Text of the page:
There are also others such as runners, who scream and make as much noise as possible whilst tearing you apart, alerting the rest of their order to you fleshy presence. Then there are the bloaters, huge tanks that throw spore bombs at you. In terms of the variety of infected encountered, that’s about it; this is welcome, as the mix of the three is enough to keep you on your toes, and to dread every time you come across their pained and chilling screams.
Even more troublesome are the human enemies, ranging from groups of independent hunters, forced to band together and use extreme tactics to survive, to the over-zealous military forces trying to keep order in check at all costs. Stealth can also be used against these enemies, but combat is a more viable option, though Joel is no Nathan Drake – gun accuracy is low, switching weapons can be risky, and health drains rapidly.
Adding to this sense of realism is the UI, unobtrusive and reminiscent of Tomb Raider’s minimalist style. Menus are still inescapably presented, but the ways the inventory and crafting menus are accessed and interacted with add tension to proceeding. In a manner snaffled from Dark Souls, should you wish to swap weapons, or create new items, a quick push of the select button causes Joel to reach into his back pack, whilst the game continues. This forces you take stock at opportune moments and replenish, restock and prepare during down time. Even selecting the right weapons takes time in the inventory and can only be unlocked via upgrades.
Yes, there is an RPG-lite upgrade system in The Last of Us, which affects both Joel’s weapon proficiency and his own skills. The latter can be upgraded at any time with the collection and usage of pills, which upgrade the likes of his ability to ‘hear’ enemies at greater range, to use shivs on tougher enemies, or to increase his maximum health. Weapons can be upgrades at sporadic (and rather infrequent) workbenches to increase clip capacity, reload rate and the like. There is nothing earth shattering, but enough of a system is in place to allow you a certain amount of freedom in how you choose to approach the game and it’s various combat encounters.
Unfortunately, it is during these combat encounters that the game loses some of it’s otherwise glittering magnificence. Despite an improvement in the basic mechanics from their previous games, the confrontations sections are what let this otherwise exemplary game down. Combat just doesn’t seem fair, consistent or workable. Yes, Joel is just an ordinary guy, and the controls reflect this, but it just results in a less enjoyable experience. Stealth is meant to be an option, but is also a highly unreliable one. It is a system that doesn’t seem to have clear rules, and despite patiently exploring the options it has to offer, most encounters descend into fights, and the horrific death animations are something you will experience again and again.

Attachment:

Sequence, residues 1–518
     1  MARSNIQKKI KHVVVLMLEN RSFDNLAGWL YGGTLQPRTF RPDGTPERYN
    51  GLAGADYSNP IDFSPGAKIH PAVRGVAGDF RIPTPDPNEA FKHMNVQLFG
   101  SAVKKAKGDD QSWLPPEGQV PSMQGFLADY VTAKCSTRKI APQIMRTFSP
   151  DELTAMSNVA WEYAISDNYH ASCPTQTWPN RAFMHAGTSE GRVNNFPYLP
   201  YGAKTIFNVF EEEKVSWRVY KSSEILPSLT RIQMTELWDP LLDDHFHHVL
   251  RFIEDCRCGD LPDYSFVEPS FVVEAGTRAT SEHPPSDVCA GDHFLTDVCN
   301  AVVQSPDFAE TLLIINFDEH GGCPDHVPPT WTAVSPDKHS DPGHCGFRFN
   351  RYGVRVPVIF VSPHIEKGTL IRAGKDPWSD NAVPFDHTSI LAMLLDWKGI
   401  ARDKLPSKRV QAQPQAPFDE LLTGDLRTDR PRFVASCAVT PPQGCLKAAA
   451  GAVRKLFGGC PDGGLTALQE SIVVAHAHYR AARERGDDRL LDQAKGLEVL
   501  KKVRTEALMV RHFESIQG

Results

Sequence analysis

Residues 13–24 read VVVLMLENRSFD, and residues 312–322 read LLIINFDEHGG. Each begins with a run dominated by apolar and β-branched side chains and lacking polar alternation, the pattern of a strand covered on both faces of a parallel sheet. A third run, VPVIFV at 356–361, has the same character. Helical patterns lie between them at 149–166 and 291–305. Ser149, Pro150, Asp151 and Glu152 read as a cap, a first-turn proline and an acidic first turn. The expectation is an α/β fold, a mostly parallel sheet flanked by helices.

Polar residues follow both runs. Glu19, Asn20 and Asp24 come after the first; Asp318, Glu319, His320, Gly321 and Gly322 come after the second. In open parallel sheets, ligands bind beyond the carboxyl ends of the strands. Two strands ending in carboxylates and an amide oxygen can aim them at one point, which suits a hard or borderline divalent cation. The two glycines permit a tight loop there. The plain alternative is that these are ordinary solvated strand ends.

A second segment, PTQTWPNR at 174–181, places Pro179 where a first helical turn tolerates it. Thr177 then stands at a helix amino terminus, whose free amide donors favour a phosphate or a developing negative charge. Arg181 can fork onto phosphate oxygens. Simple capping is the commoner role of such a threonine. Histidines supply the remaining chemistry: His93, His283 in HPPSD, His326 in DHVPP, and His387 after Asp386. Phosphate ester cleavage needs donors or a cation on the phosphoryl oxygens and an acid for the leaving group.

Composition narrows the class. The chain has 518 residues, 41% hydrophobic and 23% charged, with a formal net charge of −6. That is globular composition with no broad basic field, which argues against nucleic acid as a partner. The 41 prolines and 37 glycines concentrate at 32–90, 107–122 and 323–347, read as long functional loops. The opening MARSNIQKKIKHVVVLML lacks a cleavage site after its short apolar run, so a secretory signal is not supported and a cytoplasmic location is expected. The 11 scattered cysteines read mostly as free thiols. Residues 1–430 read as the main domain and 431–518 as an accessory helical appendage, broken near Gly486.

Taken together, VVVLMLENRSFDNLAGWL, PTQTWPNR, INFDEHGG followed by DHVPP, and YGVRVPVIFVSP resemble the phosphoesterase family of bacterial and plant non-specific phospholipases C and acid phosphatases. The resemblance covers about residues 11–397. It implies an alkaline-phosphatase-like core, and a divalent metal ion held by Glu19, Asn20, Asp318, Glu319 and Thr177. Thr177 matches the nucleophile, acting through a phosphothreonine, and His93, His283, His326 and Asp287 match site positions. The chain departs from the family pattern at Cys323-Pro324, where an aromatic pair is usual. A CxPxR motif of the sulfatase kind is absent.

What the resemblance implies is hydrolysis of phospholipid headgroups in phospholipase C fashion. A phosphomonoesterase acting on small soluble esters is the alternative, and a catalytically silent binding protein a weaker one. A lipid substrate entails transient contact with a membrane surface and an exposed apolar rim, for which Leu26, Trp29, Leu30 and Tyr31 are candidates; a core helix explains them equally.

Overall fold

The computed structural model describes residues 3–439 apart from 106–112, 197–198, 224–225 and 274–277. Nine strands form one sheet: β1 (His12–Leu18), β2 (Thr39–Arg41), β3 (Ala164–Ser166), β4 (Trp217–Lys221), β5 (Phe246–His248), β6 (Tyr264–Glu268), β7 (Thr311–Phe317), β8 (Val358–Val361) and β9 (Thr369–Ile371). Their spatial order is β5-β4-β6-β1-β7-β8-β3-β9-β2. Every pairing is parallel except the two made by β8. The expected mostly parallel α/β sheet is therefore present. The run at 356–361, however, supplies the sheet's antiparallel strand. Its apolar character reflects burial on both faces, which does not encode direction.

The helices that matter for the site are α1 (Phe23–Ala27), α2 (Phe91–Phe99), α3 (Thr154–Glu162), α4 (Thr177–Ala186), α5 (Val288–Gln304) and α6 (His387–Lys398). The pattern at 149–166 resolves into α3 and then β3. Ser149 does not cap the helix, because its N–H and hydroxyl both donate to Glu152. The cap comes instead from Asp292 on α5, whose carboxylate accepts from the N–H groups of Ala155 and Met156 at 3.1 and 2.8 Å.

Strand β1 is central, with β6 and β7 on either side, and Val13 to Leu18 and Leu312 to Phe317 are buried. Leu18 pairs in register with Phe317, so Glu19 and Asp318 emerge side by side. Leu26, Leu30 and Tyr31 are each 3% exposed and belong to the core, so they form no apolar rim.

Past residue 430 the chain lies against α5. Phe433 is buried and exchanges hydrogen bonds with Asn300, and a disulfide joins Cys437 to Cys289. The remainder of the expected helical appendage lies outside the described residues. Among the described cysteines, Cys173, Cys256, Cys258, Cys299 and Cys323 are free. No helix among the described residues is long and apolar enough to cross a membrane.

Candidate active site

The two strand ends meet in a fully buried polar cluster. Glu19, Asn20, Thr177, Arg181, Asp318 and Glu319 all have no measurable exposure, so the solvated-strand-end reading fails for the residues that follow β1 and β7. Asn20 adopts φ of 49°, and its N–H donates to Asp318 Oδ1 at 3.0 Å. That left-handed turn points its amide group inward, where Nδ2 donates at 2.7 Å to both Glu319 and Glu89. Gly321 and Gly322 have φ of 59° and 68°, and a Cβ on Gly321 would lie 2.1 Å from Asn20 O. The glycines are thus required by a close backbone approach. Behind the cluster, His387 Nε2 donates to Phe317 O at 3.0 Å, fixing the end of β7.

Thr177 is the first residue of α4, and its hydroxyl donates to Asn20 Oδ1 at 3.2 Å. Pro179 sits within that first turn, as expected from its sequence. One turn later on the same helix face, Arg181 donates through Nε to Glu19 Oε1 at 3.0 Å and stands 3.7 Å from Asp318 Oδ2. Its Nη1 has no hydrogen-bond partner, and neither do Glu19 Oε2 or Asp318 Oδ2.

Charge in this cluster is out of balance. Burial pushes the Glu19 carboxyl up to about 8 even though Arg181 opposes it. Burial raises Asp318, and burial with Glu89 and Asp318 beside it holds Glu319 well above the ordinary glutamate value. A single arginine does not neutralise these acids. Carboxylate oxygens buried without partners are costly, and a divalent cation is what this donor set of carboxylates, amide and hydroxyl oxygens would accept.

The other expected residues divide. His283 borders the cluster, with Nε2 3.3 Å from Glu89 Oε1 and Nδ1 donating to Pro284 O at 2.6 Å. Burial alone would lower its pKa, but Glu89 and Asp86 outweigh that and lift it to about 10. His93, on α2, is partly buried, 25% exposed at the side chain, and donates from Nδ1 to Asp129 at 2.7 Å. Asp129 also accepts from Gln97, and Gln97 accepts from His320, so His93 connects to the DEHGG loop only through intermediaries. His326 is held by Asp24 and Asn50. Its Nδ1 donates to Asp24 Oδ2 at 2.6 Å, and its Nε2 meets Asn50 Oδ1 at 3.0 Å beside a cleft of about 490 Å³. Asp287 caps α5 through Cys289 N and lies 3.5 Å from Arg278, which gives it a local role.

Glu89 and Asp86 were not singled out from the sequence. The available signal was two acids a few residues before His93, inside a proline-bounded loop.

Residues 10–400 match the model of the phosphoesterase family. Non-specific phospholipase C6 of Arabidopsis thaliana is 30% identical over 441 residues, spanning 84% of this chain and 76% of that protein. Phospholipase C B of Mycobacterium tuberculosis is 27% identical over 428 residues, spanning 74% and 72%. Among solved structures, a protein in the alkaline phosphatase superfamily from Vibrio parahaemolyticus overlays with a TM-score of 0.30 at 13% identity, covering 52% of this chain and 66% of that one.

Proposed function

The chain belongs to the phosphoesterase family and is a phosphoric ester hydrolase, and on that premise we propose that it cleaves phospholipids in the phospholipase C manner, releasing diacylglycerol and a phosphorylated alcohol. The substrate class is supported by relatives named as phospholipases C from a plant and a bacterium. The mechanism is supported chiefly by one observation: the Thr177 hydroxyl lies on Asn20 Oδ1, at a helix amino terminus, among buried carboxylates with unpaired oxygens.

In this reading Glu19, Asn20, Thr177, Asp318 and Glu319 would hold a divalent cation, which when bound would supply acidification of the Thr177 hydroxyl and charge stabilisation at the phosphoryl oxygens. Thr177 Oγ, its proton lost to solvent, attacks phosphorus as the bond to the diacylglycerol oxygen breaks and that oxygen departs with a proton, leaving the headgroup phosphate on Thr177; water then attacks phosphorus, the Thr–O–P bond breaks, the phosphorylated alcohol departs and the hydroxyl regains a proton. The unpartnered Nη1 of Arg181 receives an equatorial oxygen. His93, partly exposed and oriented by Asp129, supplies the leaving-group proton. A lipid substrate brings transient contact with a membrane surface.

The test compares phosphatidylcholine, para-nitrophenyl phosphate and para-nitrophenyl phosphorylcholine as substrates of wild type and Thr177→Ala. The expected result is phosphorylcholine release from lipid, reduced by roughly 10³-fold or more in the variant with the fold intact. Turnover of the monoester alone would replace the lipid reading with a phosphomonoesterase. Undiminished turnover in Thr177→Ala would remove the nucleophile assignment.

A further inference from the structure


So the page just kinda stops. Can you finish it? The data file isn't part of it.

Very often, these encounters, both with the infected and with humans, just aren’t fun. If it was Naughty Dog’s intention to make you dread, fear and feel sickened by the prospect and outbreak of violence, then they have succeeded admirably, because that’s the emotion I took away from this game’s enemies encounters the most. Encounters are also stymied by some poor enemy AI and more than a few bugs, which make understanding and learning these rules even more problematic, and assist in lifting the sense of immersion that Naughty Dog otherwise so successfully create.
Naughty Dog seems to want to move away from the simple label of game as much as possible, and create playable experiences that offer much more. Words such as immersive, visceral and emotional are thrown about so haphazardly by developers and publishers alike, but no other game has both striven for and successfully achieved a sense of all three. The studio has always been a very cinematically focused one, and has been associated with a certain overblown type of cinema-style spectacle. Here, they have aimed for a more understated, personal story, against the backdrop of the larger scale, epic, end of the world scenario. This is Naughty Dog at the top of their game, ratcheted up exponentially, showing of all that is good – and bad – about their game design. As a result of some frustrating combat, The Last of Us is most effective during the quieter moments, as well as during the character interactions and developments. When given the freedom and time to explore and drink in the gorgeously realised world, it offers an experience like no other. Sublime for the most part, ridiculous in a relatively few others, it is a game that fittingly closes this generation, and gives hope to the next.
MLG Rating: 9/10 Format: PlayStation 3 Release Date: 14/06/2013
Disclosure: Craig Hallam purchased a copy of The Last of Us. The title was reviewed over the course of 1 week on a PlayStation 3. For more information on what our scores mean, plus details of our reviews policy, click here.